The resistance I08 connected to the negative ch'ecking terminal I01 and the condenser III connected across the thermocouple, are utilized for damping or anti-hunting operation and also for stray reduction purposes as will be pointed out more fully hereafter.

Power is supplied to the amplifier I1, the reversible motor 24 and a chart drive motor I2I| by means of line wires H5 and H6 leading from some source of alternating potential, not shown. For purposes of illustration it is assumed that the alternating voltage supplied by the line wires I I5 and H6 is 60 cycle. A double pole singl throw switch II1 connects conductors H8 and H9 to the power lines H5 and H6. The chart, drive motor I20 may be a synchronous motor including a winding I2I connected across the conductors H8 and H9, the winding I2I cooperating with a core structur I22 for rotating an armature I23 in a synchronous fashion; As will be pointed out more fully hereafter the armature I22 operates the chart drive mechanism.

10 throw switch It! and a fuse Ill. The purpose of the switch I33 is to adapt the transformer I2l for operation with either 110 voltage supply or 125 voltage supply. If the voltage supply is 125 volts the single pole double throw switch IN is in the position shown but if 110 volts are supplied the switch is thrown to the opposite position. The purpose of the switch I22 and the tap I22 is to maintain the number of volts per turn in the primary winding substantially constant regardless of whether 110 volts or 125 volts is supplied to the transformer.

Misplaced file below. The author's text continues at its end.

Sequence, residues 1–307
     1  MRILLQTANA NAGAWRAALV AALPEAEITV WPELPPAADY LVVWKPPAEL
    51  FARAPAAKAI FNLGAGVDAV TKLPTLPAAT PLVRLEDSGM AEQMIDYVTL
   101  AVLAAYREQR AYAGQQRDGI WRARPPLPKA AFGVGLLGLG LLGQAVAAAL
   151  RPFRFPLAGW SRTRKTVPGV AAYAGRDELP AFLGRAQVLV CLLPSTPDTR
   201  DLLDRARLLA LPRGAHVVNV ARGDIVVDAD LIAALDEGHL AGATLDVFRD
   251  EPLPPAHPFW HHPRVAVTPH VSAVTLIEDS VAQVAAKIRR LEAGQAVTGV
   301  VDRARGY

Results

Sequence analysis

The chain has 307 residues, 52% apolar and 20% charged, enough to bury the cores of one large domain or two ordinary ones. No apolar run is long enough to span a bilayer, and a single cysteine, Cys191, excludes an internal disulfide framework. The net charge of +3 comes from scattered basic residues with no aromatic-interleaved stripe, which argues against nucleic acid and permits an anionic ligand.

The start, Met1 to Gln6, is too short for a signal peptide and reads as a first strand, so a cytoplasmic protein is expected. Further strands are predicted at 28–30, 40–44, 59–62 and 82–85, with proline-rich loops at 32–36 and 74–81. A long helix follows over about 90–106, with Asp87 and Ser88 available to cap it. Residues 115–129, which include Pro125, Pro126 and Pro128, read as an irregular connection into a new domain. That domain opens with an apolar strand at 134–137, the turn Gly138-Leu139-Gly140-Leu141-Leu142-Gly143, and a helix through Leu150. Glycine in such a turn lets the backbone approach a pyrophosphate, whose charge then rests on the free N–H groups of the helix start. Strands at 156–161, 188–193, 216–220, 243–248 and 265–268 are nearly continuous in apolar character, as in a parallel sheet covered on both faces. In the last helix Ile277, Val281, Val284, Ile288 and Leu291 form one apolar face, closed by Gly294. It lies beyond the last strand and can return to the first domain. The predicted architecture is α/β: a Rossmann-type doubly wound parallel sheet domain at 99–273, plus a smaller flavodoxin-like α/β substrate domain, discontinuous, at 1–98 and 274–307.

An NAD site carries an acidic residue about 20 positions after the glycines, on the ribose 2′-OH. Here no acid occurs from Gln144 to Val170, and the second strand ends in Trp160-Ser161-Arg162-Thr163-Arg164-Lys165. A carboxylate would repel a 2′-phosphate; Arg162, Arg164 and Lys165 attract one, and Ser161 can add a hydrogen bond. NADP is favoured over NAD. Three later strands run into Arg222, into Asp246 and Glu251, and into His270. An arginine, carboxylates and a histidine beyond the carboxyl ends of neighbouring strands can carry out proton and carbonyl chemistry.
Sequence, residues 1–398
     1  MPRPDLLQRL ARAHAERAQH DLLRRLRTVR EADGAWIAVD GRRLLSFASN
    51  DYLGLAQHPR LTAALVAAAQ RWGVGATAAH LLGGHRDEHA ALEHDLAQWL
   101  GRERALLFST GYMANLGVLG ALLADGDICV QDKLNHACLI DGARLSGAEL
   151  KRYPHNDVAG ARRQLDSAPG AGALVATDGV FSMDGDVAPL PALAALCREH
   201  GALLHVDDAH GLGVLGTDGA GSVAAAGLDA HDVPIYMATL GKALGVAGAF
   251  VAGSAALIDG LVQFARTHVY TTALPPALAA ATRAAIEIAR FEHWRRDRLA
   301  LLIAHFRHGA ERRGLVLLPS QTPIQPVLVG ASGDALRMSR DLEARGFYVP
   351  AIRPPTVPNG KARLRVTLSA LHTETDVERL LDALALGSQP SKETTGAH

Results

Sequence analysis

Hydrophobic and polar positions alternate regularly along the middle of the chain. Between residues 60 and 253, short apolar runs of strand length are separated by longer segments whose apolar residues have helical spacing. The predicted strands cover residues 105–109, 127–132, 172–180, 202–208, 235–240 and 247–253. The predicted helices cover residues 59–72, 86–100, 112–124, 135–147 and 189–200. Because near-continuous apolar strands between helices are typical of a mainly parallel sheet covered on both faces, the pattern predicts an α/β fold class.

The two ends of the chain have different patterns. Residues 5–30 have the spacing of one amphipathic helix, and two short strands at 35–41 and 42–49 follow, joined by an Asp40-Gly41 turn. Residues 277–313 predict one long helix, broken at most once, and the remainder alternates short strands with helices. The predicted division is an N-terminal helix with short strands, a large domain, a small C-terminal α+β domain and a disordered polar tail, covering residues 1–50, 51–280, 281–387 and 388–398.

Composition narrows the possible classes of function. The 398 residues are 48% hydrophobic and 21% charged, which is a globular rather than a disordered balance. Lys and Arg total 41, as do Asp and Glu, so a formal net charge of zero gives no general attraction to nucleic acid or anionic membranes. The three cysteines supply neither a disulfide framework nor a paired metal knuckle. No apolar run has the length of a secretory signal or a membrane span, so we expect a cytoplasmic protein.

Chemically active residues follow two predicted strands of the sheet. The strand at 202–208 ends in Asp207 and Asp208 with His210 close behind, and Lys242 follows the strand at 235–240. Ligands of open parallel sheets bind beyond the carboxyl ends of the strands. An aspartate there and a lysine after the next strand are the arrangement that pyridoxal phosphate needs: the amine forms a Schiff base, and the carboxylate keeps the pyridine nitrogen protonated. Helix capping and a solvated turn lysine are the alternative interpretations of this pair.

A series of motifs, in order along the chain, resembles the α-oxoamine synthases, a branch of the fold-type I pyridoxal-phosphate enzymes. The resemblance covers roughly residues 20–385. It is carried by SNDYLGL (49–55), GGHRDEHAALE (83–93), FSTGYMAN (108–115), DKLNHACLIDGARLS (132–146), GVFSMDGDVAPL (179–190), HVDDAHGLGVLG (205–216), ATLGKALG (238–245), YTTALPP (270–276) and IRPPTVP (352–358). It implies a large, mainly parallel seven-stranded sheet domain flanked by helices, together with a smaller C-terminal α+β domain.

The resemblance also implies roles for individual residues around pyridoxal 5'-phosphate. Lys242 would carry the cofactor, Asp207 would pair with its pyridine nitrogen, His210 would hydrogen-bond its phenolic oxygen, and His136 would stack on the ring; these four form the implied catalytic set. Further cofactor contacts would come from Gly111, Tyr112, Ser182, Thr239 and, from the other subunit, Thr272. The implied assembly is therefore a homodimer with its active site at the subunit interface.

The secondary winding H1 is utilized for supplying alternating current to the operating winding 90 of the vibrator I8 and to the filaments or heaters of the vacuum tubes 20, 2|, 22 and 28. The connections are designated 1: and Y. The secondary winding I21 is preferably grounded at mid voltage to maintain the filaments or heaters at ground potential.